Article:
Still reeling from the solar onslaught of the Sun Ra Arkestra the previous night we travelled yesterday to Great Yarmouth to see The Tempest at the town’s Hippodrome Theatre. The Sun Ra Arkestra fronted by nonagenarian alto-sax maestro Marshall Allen had done what they always did: channel the Saturnian spirit of their erstwhile and now-deceased leader Sun Ra and perform their joyful big band space-jazz to an appreciative audience for nigh on two hours. As the song goes, Space IS the place, and the place in this instance had been Norwich’s Open, a venue fashioned from the brick and mortar of late capitalism – originally a Georgian building that had started life as a wine merchants before its vaults were re-purposed for the storage of bullion by the Gurney family. Merging with Barclays Bank in 1896 and soon outgrowing its original premises, a new building was constructed in 1926 with a large hall, extensive vaults and what was reputed to be the longest banking counter in the country. Later in life it went on to become the regional headquarters of Barclays Bank but now the clink of wine bottles and kerching of cash registers were nothing more than silent ghosts that observed on the sidelines as the Arkestra’s music swirled unfettered to the ceiling in this neoclassical void. A quotidian space formerly dedicated to the exchange of capital now given over to brave sonic venturing seemed like the best of outcomes, and the Sun Ra Arkestra quickly made it their own, filling the cavernous space with a joyful stellar noise and a powerful, if playful, presence. The Tempest took place in another very singular space: the wonderful Hippodrome on Great Yarmouth’s seafront, the only surviving purpose-built circus venue in the country. Built in 1903 by the great circus showman George Gilbert the building once faced directly onto the seafront across a square but now huddles behind the garish pink bulk of the Flamingo amusement arcade, a gaudy slice of Las Vegas tat transported to the Norfolk coast. Slip into the narrow street behind though and the gorgeous facade of the Hippodrome can be seen in its full glory, with Art Deco lettering and charming panels around the door, its towers peeping above the pink nonsense of the Flamingo to peak at the beach and the North Sea beyond. This was, and still is, a grand and stylish place: a theatre of dreams, a venue fit for the likes of Houdini and Chaplin who both performed here in the Hippodrome’s heyday. If the exterior seems full of promise, the interior is even more beguiling: all dark velvet and chocolate brown, and a warm, well-used ambience that has left a rich patina on the fabric of the place. The seating is snug and steeply tiered; its darkly lit corridors lined with old posters and portraits of clowns and past performers, most notably Houdini (where better than Great Yarmouth to demonstrate the art of escapology?). There is even a poster of Houdini in the gents and, while a male toilet in Great Yarmouth is probably not normally the wisest place to take out a camera, my fellow micturators seemed to understand my photographic purpose. Theatre in the round; theatre in the wet: the Hippodrome might have been made for The Tempest; or, given a bit of temporal elasticity that could anticipate three hundred years into the future, The Tempest for the Hippodrome. The production, directed by William Galinsky, Artistic Director of the Norfolk & Norwich Festival, is a hugely inventive, almost psychedelic, affair that makes full use of the circus’s horizontal and vertical space and central water pool. For two hours we were mentally transported to Shakespeare’s island zone by means of brilliant storytelling, excellent acting and inspired direction, and, in keeping with this circus venue, the acrobatic shenanigans of the Lost in Translation Circus. Shakespeare is reliably universal of course, but did I detect a whiff of Tarkovsky (Solaris, Stalker) in there? A hint too of Samuel Beckett? Of course, we each bring our own cultural references to bear. Today, yesterday’s performance seems almost dreamlike – a short-lived transportation from reality in which both the drama and the unique properties of the venue itself had an equal part to play. As Prospero remarks:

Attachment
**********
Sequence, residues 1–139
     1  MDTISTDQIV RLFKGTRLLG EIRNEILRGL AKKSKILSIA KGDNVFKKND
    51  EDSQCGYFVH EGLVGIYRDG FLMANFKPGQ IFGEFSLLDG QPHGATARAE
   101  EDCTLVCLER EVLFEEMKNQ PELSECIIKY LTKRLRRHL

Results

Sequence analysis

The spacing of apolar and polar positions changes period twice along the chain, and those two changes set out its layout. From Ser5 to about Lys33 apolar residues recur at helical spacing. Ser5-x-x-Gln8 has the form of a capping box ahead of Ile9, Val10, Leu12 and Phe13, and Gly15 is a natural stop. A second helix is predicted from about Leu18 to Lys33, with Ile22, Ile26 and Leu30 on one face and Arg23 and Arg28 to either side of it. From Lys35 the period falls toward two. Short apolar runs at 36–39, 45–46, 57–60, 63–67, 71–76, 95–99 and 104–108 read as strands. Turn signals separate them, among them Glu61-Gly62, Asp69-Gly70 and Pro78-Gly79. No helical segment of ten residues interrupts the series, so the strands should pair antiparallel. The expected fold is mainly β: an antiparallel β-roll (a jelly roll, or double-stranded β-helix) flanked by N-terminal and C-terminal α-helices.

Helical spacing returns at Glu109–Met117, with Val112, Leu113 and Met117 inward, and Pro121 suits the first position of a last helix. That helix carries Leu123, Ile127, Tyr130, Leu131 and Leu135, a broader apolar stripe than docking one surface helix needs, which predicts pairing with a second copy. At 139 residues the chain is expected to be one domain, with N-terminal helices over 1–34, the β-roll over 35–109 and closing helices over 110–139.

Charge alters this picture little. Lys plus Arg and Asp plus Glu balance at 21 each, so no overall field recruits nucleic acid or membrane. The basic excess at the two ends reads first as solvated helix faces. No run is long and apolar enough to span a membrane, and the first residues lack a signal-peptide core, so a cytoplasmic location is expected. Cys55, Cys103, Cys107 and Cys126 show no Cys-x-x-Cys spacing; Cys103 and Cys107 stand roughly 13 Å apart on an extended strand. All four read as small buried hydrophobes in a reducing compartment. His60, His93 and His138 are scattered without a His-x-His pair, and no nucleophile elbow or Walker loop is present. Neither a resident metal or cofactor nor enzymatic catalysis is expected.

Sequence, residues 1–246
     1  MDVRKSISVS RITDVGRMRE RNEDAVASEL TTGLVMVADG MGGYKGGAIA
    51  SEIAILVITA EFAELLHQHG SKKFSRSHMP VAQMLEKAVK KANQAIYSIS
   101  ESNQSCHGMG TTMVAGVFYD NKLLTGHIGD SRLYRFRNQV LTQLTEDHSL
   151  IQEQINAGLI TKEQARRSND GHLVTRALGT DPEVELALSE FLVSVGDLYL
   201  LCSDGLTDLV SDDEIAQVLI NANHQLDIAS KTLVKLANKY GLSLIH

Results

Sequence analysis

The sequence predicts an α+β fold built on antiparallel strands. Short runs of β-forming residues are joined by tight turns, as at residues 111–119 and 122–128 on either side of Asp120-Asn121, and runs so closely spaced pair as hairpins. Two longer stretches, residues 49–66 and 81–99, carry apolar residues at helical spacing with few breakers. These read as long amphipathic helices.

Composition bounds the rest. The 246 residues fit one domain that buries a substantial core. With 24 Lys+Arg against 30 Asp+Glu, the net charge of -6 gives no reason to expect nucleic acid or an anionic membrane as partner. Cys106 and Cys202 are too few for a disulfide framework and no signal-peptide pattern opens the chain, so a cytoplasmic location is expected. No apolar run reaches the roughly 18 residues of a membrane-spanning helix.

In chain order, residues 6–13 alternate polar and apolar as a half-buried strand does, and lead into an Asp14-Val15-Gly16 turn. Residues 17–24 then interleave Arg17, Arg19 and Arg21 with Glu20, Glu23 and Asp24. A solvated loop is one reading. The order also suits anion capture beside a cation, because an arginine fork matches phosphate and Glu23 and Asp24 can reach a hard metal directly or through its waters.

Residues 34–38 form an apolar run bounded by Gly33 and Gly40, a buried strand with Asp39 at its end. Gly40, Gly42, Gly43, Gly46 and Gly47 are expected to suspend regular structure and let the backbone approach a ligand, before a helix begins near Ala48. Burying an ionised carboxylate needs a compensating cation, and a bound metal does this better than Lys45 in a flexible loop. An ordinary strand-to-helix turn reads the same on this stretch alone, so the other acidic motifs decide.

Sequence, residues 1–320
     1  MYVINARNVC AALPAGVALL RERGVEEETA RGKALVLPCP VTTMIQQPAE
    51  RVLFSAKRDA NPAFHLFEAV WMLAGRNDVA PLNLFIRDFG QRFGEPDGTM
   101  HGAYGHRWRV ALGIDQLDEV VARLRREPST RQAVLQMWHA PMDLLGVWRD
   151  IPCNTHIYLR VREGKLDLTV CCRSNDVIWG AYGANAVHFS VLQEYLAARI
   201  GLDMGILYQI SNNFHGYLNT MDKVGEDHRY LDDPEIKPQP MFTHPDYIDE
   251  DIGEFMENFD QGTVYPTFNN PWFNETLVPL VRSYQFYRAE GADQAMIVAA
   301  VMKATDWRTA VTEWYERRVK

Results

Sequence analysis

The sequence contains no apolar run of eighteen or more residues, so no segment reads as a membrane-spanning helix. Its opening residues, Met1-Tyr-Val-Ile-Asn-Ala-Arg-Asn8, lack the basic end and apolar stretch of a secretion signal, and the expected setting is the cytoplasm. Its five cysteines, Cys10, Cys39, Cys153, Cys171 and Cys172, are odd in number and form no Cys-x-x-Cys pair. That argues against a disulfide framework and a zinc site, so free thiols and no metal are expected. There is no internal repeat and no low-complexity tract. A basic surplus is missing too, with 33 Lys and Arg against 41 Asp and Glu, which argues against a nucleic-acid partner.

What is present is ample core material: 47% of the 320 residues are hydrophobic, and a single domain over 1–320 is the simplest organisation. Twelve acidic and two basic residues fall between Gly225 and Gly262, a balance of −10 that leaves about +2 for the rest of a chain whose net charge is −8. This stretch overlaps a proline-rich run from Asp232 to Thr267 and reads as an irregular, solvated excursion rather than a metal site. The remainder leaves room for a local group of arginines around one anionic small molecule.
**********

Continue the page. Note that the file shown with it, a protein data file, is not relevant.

We are such stuff